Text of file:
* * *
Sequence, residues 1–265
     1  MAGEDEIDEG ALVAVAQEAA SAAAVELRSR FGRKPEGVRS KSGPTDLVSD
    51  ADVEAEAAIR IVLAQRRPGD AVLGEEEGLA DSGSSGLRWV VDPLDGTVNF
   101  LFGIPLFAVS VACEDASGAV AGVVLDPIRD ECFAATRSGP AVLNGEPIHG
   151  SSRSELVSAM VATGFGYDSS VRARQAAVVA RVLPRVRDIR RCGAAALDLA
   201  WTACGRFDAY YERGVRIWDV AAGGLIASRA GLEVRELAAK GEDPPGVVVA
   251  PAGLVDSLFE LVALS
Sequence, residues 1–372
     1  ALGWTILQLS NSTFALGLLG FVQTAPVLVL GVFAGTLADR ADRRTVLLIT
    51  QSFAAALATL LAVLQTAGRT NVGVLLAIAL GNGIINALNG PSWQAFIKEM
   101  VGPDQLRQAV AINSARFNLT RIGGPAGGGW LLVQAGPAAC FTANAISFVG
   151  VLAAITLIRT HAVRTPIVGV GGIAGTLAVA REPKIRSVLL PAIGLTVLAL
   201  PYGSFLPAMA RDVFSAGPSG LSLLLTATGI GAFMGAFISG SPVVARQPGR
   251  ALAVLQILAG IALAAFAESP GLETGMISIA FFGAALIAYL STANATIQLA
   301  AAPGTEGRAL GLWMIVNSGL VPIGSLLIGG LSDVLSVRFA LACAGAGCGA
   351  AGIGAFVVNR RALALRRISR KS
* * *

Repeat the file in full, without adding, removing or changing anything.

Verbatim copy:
Sequence, residues 1–265
     1  MAGEDEIDEG ALVAVAQEAA SAAAVELRSR FGRKPEGVRS KSGPTDLVSD
    51  ADVEAEAAIR IVLAQRRPGD AVLGEEEGLA DSGSSGLRWV VDPLDGTVNF
   101  LFGIPLFAVS VACEDASGAV AGVVLDPIRD ECFAATRSGP AVLNGEPIHG
   151  SSRSELVSAM VATGFGYDSS VRARQAAVVA RVLPRVRDIR RCGAAALDLA
   201  WTACGRFDAY YERGVRIWDV AAGGLIASRA GLEVRELAAK GEDPPGVVVA
   251  PAGLVDSLFE LVALS
Sequence, residues 1–372
     1  ALGWTILQLS NSTFALGLLG FVQTAPVLVL GVFAGTLADR ADRRTVLLIT
    51  QSFAAALATL LAVLQTAGRT NVGVLLAIAL GNGIINALNG PSWQAFIKEM
   101  VGPDQLRQAV AINSARFNLT RIGGPAGGGW LLVQAGPAAC FTANAISFVG
   151  VLAAITLIRT HAVRTPIVGV GGIAGTLAVA REPKIRSVLL PAIGLTVLAL
   201  PYGSFLPAMA RDVFSAGPSG LSLLLTATGI GAFMGAFISG SPVVARQPGR
   251  ALAVLQILAG IALAAFAESP GLETGMISIA FFGAALIAYL STANATIQLA
   301  AAPGTEGRAL GLWMIVNSGL VPIGSLLIGG LSDVLSVRFA LACAGAGCGA
   351  AGIGAFVVNR RALALRRISR KS